Introduction

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Bangladesh is a developing country. Since its inception, Bangladesh is striving hard to come out of the vicious circle of poverty and toward achieving that goal various development programmes were undertaken by the government from time to time. As a result tangible achievements were attained in the field of agriculture, industry, education, human resource development, empowerment and participation of women in different economic activities, health, nutrition and productivity promotion of major economic sectors like, agriculture, industry, service sector, transport & communication and financial sectors. The literacy rate has gone up to 62% while mortality rate has gone down drastically. We are now quite confident that Bangladesh is fast coming of age economically assuring spectacular achievement in all its important sectors with comprehensive macro and micro-economic reforms and unstinted allegiance effort by the positive participation of the private sector, social organizations and NGO's. The very image of the country and the mode of development is changing with positive growth and perpetual progress except the good culture of good governance and political harmony. The economic growth and prosperity for Bangladesh is only a matter of time. Bangladesh economic are well on its way to achieve 5.5 percent GDP growth for the year 2004. Grain harvests have grown with comprehensive behavior, growth in industry sector now stand for 7.2 percent, quantum index of SME's has grown 5.4 percent and the growth of exports accounted about 17% for 2004 that is trade service growth would improve fairly. The export of readymade garments (RMG)-both woven and knitwear has picked up due to increase in global demand and the consolidation process in the industry, which earns over 75 percent export earnings. A double-digit growth in remittance inflows and marked rise in domestic demand, which was induced by increased availability of credit for the private sector.

Private Sector Development in Bangladesh :
In tune with the current global trend, the government has committed itself to the market economy and has been pursuing policies through which the private sector will play the dominant role in the country's development efforts. In all cases where public ownership is retained, efficiency must be increased through improving management, decentralizing the decision making process, ensuring commercially viable operations and following economic pricing of all goods and services produced. To encourage private sector led growth, govt. is now playing the role as a facilitator rather than regulator. Although social direction of private enterprise in certain fields may be necessary to safeguard the people's interest, private enterprise is encouraged to be the main lever for development in all areas where they have demonstrated satisfactory performance or are likely to be more efficient. Entrepreneurship is provided with training extension services, input supply, credit and markets through appropriate policy measures so that there can be a better mobilization of resources, in particular private resources from abroad, for productive investments. A pro-active local and foreign direct investment strategy has also been developed for encouragement of more FDI in the country.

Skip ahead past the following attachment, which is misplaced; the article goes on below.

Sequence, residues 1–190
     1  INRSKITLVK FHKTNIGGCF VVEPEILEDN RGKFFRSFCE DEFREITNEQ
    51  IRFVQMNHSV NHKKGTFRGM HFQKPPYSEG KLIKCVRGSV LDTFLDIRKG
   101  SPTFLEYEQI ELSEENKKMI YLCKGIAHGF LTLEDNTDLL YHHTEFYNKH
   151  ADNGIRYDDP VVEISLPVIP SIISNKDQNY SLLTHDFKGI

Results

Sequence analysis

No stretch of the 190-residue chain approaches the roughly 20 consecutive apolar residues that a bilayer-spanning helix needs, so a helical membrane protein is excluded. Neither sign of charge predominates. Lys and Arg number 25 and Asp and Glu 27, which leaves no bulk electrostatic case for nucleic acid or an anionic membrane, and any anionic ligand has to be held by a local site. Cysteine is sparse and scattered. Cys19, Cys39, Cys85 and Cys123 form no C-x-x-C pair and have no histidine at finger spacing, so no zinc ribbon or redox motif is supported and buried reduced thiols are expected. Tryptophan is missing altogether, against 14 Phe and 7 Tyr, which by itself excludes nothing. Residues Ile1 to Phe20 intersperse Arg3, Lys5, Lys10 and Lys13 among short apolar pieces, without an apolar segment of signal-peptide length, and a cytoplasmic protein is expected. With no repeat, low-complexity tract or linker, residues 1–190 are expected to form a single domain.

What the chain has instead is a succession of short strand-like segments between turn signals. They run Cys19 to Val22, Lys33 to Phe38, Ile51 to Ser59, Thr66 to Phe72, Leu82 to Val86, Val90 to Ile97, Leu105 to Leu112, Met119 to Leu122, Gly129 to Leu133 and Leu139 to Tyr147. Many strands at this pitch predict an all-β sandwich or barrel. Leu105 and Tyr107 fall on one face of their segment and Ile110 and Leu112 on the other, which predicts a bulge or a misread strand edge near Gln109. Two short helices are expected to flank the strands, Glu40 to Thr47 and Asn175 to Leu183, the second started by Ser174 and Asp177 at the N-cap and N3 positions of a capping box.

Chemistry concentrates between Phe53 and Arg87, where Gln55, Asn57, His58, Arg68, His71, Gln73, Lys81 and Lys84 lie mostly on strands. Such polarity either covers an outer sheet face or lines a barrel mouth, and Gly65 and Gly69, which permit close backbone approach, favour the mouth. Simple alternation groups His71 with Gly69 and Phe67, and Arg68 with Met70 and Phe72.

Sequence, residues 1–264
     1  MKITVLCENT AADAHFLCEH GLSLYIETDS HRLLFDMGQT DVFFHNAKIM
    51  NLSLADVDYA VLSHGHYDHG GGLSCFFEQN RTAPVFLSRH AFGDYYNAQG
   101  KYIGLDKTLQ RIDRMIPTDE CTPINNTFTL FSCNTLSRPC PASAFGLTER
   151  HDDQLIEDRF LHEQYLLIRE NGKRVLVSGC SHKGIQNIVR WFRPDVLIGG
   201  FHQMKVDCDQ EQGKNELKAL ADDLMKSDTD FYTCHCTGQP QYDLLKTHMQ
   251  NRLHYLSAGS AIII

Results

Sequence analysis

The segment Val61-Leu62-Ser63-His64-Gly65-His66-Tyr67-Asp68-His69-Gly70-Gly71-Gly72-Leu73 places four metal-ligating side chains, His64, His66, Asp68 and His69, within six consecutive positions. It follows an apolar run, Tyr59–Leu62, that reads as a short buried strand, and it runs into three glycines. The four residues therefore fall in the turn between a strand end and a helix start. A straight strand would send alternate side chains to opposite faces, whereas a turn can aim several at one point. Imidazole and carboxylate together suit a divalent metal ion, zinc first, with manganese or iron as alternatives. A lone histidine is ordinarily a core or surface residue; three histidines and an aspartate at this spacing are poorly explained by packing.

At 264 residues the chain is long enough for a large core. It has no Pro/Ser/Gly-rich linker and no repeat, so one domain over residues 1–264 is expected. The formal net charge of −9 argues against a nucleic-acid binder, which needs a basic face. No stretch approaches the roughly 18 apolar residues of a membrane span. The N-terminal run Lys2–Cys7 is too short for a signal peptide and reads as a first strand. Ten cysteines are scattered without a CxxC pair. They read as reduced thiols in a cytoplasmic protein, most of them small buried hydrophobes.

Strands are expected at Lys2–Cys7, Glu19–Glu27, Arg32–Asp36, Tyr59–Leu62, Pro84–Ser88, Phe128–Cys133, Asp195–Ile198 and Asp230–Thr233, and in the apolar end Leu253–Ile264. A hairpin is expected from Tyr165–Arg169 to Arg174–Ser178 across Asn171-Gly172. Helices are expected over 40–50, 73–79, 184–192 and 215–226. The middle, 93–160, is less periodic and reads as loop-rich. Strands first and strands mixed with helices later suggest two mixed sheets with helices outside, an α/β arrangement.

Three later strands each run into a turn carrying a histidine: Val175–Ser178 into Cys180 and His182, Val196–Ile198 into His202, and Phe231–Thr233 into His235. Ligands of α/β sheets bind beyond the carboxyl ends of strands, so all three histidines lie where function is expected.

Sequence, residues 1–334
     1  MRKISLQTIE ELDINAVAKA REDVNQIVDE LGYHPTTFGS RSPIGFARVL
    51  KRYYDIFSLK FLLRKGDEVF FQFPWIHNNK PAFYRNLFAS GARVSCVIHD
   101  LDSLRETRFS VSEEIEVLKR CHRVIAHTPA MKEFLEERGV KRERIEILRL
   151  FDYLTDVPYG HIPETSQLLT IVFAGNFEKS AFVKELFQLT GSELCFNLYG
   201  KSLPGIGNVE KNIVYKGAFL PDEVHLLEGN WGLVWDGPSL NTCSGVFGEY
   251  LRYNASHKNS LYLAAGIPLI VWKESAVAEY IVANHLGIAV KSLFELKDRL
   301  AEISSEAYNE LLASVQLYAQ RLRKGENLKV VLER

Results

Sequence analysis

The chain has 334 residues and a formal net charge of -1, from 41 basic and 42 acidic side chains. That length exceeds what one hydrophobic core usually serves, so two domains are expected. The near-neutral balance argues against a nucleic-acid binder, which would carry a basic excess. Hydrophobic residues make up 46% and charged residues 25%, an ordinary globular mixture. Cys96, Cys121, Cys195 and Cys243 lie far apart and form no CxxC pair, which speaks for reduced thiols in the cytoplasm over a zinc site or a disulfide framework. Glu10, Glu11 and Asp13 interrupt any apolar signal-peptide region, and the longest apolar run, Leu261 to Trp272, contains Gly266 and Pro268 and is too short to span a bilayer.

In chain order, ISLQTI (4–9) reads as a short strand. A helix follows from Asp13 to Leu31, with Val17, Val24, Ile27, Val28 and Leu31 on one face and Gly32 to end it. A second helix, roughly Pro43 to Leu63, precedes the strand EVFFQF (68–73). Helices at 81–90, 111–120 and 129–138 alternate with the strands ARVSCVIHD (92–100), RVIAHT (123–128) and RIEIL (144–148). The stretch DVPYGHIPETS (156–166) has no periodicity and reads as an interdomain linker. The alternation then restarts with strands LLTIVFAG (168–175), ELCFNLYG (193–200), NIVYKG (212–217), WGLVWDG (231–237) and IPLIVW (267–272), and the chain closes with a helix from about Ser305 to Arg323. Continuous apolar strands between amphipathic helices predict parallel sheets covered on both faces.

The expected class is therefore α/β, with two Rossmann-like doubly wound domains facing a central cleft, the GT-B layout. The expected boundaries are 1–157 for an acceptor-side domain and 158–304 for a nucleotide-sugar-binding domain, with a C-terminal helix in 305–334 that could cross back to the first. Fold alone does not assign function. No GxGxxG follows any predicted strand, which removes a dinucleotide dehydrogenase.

Agriculture Development Led Industrialization Strategy:
The present government has undertaken key strategy for agricultural development led industrialization strategy, which includes investment in infrastructure and technological progress in agriculture together with forward linkages into agro-based and agro-processing industries. The revised industrial policy, which is under process of finalization, has been given high priority for giving policy support to establish agro-based and agro-processing industries in different industrial zones of the country for making it convenient to agricultural development in Bangladesh.

People and Human rights:
People can only contribute and benefit from globalization if they are in adequate health and endowed with knowledge skills and values and with the capabilities and rights needed to pursue their basic livelihoods. They need employment and incomes, and a healthy environment. These are the essential conditions, which empower them to lead a self-determined, decent life, and to participate fully as citizens in their local, national and global communities. These goals, which are the heart of the millennium declaration, can only be reached if government allocate resources properly maintaining